First Black Woman to Earn U-M Robotics PhD Inspires at Commencement

by Gee NY

The University of Michigan recently celebrated a significant milestone as Oluwami (Wami) Dosunmu-Ogunbi became the first Black woman to earn a PhD in Robotics from the prestigious institution.

Her journey, marked by resilience and determination, culminated in a May 3, 2024 commencement speech that inspired fellow graduates and faculty alike.

Ogunbi’s path to success was not without its challenges.

Despite entering U-M’s mechanical engineering PhD program with academic honors and aspirations, she faced a setback when she failed her qualifying exams. Undeterred, she turned to her mentor, Professor Chad Jenkins, for guidance.

Recognizing her potential, Jenkins enlisted the support of Professor Jessy Grizzle, a key figure in U-M’s Robotics program.

Grizzle, despite his initial plans for retirement, welcomed Ogunbi into his lab, where she found a supportive community among her peers.

With renewed determination, she tackled her qualifying exams once again, this time with the encouragement of professors Kira Barton and Robert Gregg. Their mentorship and guidance proved instrumental in Ogunbi’s academic journey.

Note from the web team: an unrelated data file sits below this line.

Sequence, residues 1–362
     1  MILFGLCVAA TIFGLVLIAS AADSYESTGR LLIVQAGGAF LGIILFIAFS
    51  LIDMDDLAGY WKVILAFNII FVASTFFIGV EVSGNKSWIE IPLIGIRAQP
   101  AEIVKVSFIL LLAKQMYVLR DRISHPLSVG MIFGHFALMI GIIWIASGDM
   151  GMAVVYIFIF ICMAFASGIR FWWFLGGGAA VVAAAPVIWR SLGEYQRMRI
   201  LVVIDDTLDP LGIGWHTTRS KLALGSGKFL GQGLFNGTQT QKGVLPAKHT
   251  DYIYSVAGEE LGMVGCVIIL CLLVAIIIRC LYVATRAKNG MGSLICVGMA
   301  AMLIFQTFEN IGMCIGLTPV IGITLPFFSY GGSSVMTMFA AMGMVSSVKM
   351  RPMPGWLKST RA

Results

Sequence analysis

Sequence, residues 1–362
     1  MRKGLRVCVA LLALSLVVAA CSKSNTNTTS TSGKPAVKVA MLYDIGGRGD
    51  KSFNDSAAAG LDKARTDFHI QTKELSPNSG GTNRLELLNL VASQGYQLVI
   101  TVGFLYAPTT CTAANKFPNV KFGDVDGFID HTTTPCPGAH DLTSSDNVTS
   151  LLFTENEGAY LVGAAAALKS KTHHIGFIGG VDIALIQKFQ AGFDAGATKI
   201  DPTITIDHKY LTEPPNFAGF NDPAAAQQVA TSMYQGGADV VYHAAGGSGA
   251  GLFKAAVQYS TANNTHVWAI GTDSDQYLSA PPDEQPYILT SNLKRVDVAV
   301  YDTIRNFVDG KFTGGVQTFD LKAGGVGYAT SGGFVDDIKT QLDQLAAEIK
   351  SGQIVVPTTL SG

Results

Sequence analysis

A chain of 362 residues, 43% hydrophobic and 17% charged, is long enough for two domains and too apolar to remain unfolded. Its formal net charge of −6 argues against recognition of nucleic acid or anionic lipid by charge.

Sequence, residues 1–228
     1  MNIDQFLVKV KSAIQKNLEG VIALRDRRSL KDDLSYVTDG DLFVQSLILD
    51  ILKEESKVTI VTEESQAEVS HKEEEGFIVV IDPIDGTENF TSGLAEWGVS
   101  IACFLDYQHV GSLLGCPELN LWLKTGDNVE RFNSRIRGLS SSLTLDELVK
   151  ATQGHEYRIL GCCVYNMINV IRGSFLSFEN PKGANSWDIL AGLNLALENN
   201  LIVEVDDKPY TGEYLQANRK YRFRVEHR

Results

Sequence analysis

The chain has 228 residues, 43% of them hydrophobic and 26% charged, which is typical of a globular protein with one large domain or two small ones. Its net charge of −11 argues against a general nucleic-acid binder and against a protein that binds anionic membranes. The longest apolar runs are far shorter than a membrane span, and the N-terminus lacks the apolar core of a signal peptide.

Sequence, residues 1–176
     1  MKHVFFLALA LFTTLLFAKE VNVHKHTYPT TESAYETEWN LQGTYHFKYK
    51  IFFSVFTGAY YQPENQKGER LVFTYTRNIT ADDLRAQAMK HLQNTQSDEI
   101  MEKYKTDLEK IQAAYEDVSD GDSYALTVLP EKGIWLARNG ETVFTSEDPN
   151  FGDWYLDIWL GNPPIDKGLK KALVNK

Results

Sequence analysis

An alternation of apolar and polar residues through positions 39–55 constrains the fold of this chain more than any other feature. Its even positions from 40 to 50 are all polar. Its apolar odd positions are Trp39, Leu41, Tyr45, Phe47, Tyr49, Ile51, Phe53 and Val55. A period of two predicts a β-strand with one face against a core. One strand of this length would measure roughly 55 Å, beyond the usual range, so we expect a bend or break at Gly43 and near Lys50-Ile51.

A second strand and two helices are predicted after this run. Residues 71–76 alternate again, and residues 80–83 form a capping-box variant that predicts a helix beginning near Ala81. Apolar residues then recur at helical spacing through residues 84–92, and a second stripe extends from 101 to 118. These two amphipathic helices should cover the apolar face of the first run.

In her research, Ogunbi confronted challenges typical of academic pursuits, including working with outdated equipment and navigating technical hurdles.

Despite these obstacles, she persevered, developing innovative solutions and contributing to the field of bipedal robotics.

During her time at U-M, Ogunbi also distinguished herself as a community builder and advocate for diversity and inclusion in STEM.

Her efforts earned her recognition, including a prestigious MLK Spirit Award and induction into the Bouchet Society.

Looking ahead, Ogunbi is poised to embark on the next phase of her career, with aspirations of securing a faculty position. Her story serves as a testament to the power of perseverance, mentorship, and the pursuit of excellence in academia.

As she reflected on her journey during the commencement ceremony, Ogunbi noted that social consciousness and inclusivity in academic and professional endeavors was crucial.

“I share this story to emphasize the critical importance for us to be socially conscious and promoting diversity, equity and inclusion in our solutions,” she said.

Her words resonated with her fellow graduates, inspiring them to strive for excellence and make a positive impact in their respective fields.

Ogunbi’s historic achievement marks a significant milestone for U-M and the field of robotics, highlighting the importance of diversity and representation in academia.

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